One of the lessons that I have been learning over the last few months is the importance of intentional focus. Just last week, I blogged about one way to create focus while inventing and selling new products. For me, the big realization has been that focus has to be intentional. If we don’t demand it, it will never happen. If it never happens, we can will not build the momentum that our business deserves.
Creating intentional focus has to be… intentional.
You’re struggling to get a project started. You had a project going, but it seems to be dying. Unfortunately, there are two opposing forces that are working against you. You’re either waiting for perfection, or satisfied with mediocrity.
Mediocrity and perfection are found at different ends of the spectrum; they seem unrelated. What could they have in common?
It is easy to see how an organized store is able to sell. Is it possible that a “disorganized” store could do the same?
This is a tale of two stores.
One store sells furniture and home decor items. The other sells books. One store is organized down to directing the flow of customer traffic. The other does the same, but through disorganized limitation. And each store does, indeed, sell. How can organization and disorganization work when it comes to sales?
They both function on a principle of discovery and permission, but do it very differently.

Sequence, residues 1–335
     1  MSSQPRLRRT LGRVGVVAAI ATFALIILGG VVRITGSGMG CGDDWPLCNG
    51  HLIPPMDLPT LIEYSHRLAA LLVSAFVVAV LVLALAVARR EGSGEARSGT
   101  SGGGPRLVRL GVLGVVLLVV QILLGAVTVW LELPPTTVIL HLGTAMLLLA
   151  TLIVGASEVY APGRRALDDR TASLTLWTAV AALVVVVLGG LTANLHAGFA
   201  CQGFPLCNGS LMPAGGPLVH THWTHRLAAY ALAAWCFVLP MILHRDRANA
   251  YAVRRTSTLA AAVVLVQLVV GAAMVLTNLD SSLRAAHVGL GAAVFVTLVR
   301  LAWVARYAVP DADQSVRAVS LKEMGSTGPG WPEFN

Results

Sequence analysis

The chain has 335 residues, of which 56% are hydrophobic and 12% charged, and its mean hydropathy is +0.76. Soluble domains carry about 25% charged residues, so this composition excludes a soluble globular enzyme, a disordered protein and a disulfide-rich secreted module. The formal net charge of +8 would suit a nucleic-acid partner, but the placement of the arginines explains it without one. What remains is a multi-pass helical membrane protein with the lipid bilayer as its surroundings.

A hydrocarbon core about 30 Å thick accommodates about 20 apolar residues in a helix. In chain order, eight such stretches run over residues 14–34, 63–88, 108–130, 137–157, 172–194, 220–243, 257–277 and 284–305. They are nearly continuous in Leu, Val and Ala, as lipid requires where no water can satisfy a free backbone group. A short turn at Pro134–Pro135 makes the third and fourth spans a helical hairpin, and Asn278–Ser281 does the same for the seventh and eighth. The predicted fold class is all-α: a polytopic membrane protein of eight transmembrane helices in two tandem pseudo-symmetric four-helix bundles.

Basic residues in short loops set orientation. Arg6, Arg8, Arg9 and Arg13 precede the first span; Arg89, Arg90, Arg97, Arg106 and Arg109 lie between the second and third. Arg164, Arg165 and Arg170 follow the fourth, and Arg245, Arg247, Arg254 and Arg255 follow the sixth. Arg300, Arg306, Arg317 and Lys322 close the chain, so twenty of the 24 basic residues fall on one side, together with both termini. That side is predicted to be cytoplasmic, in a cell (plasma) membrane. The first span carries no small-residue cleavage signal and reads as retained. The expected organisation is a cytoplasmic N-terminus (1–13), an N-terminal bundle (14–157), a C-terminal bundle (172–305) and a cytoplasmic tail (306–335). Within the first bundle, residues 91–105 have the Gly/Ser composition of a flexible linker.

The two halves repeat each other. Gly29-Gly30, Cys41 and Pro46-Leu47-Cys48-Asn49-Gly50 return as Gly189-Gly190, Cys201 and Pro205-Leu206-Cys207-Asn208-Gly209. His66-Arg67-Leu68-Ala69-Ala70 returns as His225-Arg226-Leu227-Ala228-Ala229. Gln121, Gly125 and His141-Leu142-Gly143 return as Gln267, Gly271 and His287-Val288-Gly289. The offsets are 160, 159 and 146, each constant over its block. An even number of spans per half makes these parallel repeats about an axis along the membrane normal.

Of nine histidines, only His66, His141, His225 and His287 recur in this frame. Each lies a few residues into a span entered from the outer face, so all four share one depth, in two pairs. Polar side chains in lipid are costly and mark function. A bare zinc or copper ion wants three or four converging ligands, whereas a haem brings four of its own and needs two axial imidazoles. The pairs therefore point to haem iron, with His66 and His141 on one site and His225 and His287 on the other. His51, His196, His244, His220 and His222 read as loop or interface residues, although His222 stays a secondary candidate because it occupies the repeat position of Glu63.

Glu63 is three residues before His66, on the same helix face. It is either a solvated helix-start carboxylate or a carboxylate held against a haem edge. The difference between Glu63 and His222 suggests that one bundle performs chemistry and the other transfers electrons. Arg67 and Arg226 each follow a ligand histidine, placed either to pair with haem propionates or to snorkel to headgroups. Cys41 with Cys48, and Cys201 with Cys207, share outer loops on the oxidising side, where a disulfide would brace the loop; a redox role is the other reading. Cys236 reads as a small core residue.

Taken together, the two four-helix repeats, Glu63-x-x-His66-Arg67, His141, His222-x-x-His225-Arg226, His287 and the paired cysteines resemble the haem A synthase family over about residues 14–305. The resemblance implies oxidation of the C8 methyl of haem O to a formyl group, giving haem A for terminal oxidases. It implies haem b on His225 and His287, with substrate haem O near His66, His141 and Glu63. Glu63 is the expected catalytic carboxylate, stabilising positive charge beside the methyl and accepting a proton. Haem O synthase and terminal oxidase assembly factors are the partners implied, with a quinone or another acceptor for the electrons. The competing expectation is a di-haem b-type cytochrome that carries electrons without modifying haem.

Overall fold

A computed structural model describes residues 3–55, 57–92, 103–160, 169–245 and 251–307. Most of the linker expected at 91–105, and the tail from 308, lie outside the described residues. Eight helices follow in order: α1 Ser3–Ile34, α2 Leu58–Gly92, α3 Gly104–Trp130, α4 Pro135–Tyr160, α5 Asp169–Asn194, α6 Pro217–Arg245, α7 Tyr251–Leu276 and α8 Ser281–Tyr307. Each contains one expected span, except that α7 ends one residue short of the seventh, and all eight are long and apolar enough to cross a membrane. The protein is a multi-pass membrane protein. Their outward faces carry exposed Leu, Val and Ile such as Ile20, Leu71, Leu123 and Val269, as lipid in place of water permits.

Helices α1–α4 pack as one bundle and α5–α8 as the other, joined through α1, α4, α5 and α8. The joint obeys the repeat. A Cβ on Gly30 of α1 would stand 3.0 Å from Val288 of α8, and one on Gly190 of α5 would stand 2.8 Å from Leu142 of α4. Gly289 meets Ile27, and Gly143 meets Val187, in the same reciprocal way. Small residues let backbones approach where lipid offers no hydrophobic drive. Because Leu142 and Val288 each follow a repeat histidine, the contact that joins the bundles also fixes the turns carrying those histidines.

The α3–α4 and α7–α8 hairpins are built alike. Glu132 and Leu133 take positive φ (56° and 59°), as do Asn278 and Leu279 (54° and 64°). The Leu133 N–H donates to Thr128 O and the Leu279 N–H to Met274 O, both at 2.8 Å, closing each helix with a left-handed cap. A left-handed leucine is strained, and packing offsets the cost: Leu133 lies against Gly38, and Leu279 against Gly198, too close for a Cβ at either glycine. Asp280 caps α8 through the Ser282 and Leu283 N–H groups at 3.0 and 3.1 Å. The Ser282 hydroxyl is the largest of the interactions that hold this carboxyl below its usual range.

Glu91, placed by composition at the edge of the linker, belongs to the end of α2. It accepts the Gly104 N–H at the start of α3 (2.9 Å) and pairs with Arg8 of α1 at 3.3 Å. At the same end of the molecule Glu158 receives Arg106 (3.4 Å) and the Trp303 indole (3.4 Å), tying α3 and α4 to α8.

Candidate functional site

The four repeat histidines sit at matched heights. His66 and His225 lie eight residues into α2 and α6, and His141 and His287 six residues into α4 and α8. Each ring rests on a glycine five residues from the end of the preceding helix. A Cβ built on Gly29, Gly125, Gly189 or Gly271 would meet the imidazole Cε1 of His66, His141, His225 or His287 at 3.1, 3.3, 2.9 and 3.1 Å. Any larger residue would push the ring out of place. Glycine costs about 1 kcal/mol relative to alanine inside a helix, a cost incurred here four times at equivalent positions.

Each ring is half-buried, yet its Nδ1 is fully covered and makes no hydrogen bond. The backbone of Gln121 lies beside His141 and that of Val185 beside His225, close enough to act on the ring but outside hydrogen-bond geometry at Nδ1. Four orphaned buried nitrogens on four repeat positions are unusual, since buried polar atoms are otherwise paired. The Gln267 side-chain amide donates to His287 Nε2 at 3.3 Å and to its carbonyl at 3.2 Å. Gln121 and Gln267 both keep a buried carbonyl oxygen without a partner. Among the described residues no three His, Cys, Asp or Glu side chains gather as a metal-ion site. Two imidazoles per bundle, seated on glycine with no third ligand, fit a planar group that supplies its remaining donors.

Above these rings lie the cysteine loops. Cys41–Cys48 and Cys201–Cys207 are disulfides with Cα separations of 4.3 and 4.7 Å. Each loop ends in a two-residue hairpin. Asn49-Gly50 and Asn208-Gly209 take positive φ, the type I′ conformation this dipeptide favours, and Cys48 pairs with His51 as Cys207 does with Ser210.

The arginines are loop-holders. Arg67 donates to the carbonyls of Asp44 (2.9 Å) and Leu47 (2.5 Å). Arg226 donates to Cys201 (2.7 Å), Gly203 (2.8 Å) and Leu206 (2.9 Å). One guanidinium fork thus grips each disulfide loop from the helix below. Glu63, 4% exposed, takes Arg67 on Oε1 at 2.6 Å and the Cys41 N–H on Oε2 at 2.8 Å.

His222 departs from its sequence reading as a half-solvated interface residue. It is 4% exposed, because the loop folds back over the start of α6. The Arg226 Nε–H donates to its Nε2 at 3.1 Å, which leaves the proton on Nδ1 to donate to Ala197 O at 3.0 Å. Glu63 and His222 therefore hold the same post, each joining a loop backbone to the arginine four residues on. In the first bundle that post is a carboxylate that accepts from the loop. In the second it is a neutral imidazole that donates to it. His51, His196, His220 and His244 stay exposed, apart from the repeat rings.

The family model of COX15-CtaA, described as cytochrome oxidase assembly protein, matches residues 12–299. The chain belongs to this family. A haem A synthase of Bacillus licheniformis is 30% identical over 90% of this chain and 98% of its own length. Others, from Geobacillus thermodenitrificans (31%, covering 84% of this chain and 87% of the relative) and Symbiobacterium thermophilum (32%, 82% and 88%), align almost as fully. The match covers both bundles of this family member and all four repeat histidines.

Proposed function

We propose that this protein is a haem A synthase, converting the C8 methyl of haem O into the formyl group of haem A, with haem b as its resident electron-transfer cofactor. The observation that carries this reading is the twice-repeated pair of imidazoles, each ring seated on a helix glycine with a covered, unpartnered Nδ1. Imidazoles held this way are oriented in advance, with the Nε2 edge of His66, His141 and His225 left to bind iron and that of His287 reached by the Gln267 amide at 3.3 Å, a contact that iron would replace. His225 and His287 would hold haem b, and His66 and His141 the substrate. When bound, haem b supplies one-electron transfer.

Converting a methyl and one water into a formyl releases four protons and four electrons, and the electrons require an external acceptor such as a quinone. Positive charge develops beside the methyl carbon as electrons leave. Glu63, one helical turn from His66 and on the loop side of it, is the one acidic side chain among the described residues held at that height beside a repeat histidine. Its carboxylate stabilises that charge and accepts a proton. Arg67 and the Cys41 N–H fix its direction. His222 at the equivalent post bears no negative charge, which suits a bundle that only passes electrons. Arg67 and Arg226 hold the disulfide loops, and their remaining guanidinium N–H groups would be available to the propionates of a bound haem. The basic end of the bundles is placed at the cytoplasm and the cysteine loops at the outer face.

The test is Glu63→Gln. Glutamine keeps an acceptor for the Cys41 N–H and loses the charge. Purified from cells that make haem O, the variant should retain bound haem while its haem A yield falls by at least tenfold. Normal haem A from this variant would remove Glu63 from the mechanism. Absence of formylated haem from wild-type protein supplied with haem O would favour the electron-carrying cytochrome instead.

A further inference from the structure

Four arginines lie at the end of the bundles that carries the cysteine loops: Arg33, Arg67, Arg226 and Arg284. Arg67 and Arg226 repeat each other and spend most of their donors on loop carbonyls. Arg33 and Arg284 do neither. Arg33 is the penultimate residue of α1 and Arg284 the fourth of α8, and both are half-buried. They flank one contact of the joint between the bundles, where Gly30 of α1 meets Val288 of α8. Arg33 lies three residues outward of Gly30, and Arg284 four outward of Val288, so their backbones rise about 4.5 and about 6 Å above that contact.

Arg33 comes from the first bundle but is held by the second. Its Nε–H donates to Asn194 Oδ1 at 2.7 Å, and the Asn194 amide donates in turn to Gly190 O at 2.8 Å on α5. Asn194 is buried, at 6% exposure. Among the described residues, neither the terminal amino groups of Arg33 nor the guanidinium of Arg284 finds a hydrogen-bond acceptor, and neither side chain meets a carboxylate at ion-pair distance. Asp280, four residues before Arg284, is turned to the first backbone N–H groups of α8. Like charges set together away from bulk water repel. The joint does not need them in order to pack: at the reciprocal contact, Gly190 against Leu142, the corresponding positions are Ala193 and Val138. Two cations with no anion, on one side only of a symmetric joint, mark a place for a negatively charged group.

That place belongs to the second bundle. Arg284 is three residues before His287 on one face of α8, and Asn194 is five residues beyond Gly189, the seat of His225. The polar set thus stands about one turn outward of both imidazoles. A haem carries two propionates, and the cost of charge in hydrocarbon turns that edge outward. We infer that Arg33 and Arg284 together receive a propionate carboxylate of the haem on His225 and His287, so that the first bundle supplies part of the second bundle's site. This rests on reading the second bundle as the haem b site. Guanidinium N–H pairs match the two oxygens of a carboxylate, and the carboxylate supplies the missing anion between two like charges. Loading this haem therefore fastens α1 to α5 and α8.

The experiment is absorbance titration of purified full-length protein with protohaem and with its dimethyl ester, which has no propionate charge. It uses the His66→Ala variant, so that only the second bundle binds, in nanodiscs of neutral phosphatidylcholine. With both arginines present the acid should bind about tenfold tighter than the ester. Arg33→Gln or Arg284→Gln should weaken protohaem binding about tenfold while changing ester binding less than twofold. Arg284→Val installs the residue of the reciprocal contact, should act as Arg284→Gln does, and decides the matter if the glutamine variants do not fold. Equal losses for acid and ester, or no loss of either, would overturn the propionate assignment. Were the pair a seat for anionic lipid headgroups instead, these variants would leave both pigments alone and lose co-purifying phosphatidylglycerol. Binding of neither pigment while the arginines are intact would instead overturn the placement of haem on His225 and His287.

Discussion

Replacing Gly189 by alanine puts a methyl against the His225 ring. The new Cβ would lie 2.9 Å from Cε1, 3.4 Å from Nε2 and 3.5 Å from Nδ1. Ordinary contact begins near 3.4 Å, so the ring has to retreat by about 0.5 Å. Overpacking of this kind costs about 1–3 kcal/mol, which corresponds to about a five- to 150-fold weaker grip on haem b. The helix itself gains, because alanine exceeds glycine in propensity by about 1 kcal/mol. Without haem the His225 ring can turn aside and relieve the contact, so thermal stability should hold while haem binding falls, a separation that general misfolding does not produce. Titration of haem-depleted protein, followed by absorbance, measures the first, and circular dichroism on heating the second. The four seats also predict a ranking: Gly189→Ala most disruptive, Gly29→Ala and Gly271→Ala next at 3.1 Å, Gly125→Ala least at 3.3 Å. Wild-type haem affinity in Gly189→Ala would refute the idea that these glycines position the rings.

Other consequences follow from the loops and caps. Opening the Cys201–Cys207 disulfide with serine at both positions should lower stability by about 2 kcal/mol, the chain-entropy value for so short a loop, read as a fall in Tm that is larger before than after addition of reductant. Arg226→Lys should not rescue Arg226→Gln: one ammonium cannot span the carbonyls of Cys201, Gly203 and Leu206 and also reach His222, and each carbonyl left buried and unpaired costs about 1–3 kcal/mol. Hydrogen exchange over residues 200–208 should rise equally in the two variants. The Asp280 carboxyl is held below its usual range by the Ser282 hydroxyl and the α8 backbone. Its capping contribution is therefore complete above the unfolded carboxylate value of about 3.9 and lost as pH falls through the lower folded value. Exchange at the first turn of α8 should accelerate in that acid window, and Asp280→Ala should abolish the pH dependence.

Write your idea down if you want it to be a reality.
Can a plan exist if it isn’t on paper?
I ask myself this question often because I am continually amazed at how much greater the impact of an idea can be when I choose to write it down, rather than letting it go as a passing thought. I often refer to this concept as “naming it and claiming it”, and I am convinced that it is a big part of what makes a good leader great.
There is always the opportunity to tell a story. That’s what your reader wants.
A good story, even when fiction, isn’t a lie.
We find a way to latch onto a story in a way we identify with. We all have the same story with the only difference being the beginning, middle, and end. We go looking for stories in everything and everyone. Understanding the power of story means looking at writing and blogging in a completely different way.
Readers want a storyteller, not a salesman. They want a story, not a sale.
You may not guess it at first glance, but Todaymade is a product company.
We build digitally tangible products for our customers that help them become better at marketing. This includes websites, web applications, and online training tools that all provide great value to our customers. Each of these products is different and each has its own set of features, but all of these products share a life-cycle that has become very common around our office.
At Todaymade, we call this cycle “The Product Loop.”
Keep your goal in sight, but don’t let it keep you from taking the small first steps.
Is it possible for your goals to become your prison? How quickly a Goal can be a Gaol*.
Goals are the thing achievement is made of, aren’t they? Surely they would never hold us back. Without goals, we flounder. Without goals, we lose direction. Without goals, we have no purpose. Except, of course, when our goals hold us back.
Every visual artist can benefit from using social media.
Images are king on social media.
They get shared more than almost anything else on the big-name social networks. Good news for visual artists, right? Yep, unless they’ve shrugged off social media as unnecessary or see it as a copyright threat.
Visual artists can and should use social media. There are a few core reasons why this is true, and a few basic ways to address copyright concerns.